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Can Ezekiel Elliott catch the favored Leonard Fournette in the Heisman race?

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LSU's bruising back has surpassed Elliott, the preseason favorite, as the front runner to win college football's most prestigious award.

James Lang-USA TODAY Sports

In the months after 85 yards and a cloud of dust and Ohio State's national championship win, Ezekiel Elliott was dubbed the favorite to win the 2015 Heisman Trophy by Vegas oddsmakers. Eight weeks deep into the 2015 campaign, Elliott has surrendered ground in the race to be named college football's most outstanding player.

Per Bovada, LSU battering ram Leonard Fournette is primed to be the first running back since Alabama's Mark Ingram in 2009 to capture the Heisman Trophy. The sophomore is the clear betting favorite (-250) to claim the Heisman. Elliott (+900) is third, with TCU quarterback Trevone Boykin (+750) second in line.

We'll get to Fournette's numbers in a second, but it's because of runs like the above clip -- and similar ones opposite Auburn (x2) and Florida -- that have elevated Fournette from slightly-under-the-radar freshman sensation to arguably the top player in college football as a sophomore.

As for Elliott, he has improved upon his 2014 campaign in some areas. Elliott's per-game rushing average has increased by nearly 16 yards, and he is also on pace for more runs of at least 20 yards in 2015.

I meandered down a statistics rabbit hole to see how Elliott and Fournette compared to recent Heisman-worthy running backs. I compiled the full-season statistics of the five running backs over the last five years to finish in the top five of the Heisman voting: Wisconsin's Melvin Gordon (2014), Boston College's Andre Williams (2013), Alabama's Trent Richardson (2011), Wisconsin's Montee Ball (2011), and Oregon's LaMichael James (2010).

Player

Yards per rush

Yards per game

Rush TDs

20-yard runs

50-yard runs

100-yard games

200-yard games

Season rush total

Gordon

7.54

184.8*

29*

35*

10*

12

6

2,587*

Williams

6.13

167.5*

18

26*

6*

9

5

2,177*

Richardson

5.93

129.2

21

17

4

9

1

1,679

Ball

6.26

137.4

33*

17

1

10

2

1,923*

James

5.89

144.3*

21

19

4

8

4

1,731*

*Led country

Those are five monster seasons. Here are Elliott and Fournette's 2015 seasons to date.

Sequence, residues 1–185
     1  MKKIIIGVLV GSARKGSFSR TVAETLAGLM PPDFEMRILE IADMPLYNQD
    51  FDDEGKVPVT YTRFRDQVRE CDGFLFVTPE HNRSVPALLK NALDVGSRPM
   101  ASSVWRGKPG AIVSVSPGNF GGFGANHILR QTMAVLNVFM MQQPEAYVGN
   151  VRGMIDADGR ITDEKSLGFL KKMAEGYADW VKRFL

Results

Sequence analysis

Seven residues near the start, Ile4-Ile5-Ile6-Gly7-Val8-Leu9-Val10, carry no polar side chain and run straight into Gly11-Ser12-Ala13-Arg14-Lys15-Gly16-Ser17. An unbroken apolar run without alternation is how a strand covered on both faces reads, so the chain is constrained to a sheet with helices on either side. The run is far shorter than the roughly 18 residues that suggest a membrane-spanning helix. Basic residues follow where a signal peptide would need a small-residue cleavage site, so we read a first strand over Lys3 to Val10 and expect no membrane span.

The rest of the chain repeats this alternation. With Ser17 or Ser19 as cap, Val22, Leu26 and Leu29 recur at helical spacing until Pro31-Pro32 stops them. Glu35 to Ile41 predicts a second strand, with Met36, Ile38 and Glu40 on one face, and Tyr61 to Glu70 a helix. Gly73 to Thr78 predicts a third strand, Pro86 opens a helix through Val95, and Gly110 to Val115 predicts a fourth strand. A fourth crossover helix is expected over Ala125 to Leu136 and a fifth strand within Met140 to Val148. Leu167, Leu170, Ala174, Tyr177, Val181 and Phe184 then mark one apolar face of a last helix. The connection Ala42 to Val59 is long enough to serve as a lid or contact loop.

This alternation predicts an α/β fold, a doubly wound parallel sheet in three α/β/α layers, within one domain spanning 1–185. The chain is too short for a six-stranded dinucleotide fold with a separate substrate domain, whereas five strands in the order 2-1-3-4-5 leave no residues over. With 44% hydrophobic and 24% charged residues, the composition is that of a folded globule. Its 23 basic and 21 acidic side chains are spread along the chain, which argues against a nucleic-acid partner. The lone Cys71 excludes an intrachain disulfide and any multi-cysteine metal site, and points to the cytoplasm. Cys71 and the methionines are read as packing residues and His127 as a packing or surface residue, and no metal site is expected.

Player

Yards per rush

Yards per game

Rush TDs

20-yard runs

50-yard runs

100-yard games

200-yard games

Season rush total

Elliott

6.8

141.3

13

8

5

8

1

1,130

Nat’l Rank

36th

5th

T-5th

T-15th

T-1st

N/A

N/A

4th

Fournette

7.7

193.1

15

13

4

7

3

1,352

Nat’l Rank

T-14th

1st

T-1st

T-2nd

T-4th

N/A

N/A

1st

Finally, lets' project Elliott and Fournette’s numbers through 13 games, which assumes both Ohio State and LSU reach their respective conference title games. Heisman votes are due the Monday after conference title game weekend.

Player

Yards per rush

Yards per game

Rush TDs

20-yard runs

50-yard runs

100-yard games

200-yard games

Season rush total

Elliott

6.8

141.3

21

13

8

13

1

1,837

Fournette

7.7

193.1

28

24

7

13

6

2,510

The short answer is that, yes, Elliott and Fournette compare favorably to recent Heisman-worthy running backs. (Admittedly, the projection of Fournette rushing for a hair over 2,500 yards -- within striking distance of Barry Sanders' single-season FBS record (2,628) -- is a little out there.) As for Elliott, the projection has him near his 2014 season total (1,878) and very close to Eddie George's single-season Ohio State record (1,927).

And although Fournette is the LSU offense -- among the top 100 individual total offense leaders in the country, Fournette is the only non-quarterback on the list -- Elliott remains the fulcrum of Ohio State's offense despite the Buckeyes possessing a handful of talented individual stars. For example, Fournette averages a smidge over 26 touches per game -- just barely ahead of Elliott's even 24 touches. On the other hand, Elliott will continue to lose yards and touchdowns to J.T. Barrett, as Ohio State has re-inserted the quarterback run game after Barrett accumulated more playing time from Cardale Jones before taking over as starter.

I'd also be remiss if I didn't note that Elliott and Fournette are far from the only two running backs with serious Heisman hopes, as Stanford's Christian McCaffrey and Florida State's Dalvin Cook are submitting the sort of numbers that reinforce the Year of the Running Back narrative that has enveloped college football this fall.

So, can Elliott catch Fournette? Absolutely, but it will take a handful of grandiose performances, games like Elliott delivered last year vs. Wisconsin (220 yards, two touchdowns), Alabama (230 yards, two touchdowns), and Oregon (246 yards, four touchdowns) and Indiana (274 yards, three touchdowns) this year for Elliott to move within striking distance of Fournette.